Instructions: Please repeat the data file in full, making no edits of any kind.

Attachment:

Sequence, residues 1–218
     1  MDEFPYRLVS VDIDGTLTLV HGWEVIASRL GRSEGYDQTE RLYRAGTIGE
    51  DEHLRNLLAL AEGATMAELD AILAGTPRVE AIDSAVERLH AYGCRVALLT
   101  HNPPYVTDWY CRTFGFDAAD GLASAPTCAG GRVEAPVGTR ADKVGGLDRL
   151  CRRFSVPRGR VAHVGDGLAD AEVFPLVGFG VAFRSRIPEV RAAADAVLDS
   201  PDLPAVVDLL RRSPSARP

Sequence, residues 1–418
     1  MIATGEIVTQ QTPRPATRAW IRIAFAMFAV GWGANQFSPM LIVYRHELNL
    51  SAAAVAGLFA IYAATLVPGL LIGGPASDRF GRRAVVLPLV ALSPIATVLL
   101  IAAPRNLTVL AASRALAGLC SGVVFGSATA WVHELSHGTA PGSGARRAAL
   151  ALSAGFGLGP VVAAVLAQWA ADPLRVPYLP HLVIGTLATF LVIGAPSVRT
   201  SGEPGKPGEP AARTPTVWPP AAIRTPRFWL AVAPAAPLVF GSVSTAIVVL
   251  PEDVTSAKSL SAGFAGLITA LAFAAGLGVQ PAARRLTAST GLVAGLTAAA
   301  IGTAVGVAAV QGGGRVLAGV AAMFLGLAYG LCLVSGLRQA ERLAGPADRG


Sequence, residues 1–218
     1  MDEFPYRLVS VDIDGTLTLV HGWEVIASRL GRSEGYDQTE RLYRAGTIGE
    51  DEHLRNLLAL AEGATMAELD AILAGTPRVE AIDSAVERLH AYGCRVALLT
   101  HNPPYVTDWY CRTFGFDAAD GLASAPTCAG GRVEAPVGTR ADKVGGLDRL
   151  CRRFSVPRGR VAHVGDGLAD AEVFPLVGFG VAFRSRIPEV RAAADAVLDS
   201  PDLPAVVDLL RRSPSARP

Sequence, residues 1–418
     1  MIATGEIVTQ QTPRPATRAW IRIAFAMFAV GWGANQFSPM LIVYRHELNL
    51  SAAAVAGLFA IYAATLVPGL LIGGPASDRF GRRAVVLPLV ALSPIATVLL
   101  IAAPRNLTVL AASRALAGLC SGVVFGSATA WVHELSHGTA PGSGARRAAL
   151  ALSAGFGLGP VVAAVLAQWA ADPLRVPYLP HLVIGTLATF LVIGAPSVRT
   201  SGEPGKPGEP AARTPTVWPP AAIRTPRFWL AVAPAAPLVF GSVSTAIVVL
   251  PEDVTSAKSL SAGFAGLITA LAFAAGLGVQ PAARRLTAST GLVAGLTAAA
   301  IGTAVGVAAV QGGGRVLAGV AAMFLGLAYG LCLVSGLRQA ERLAGPADRG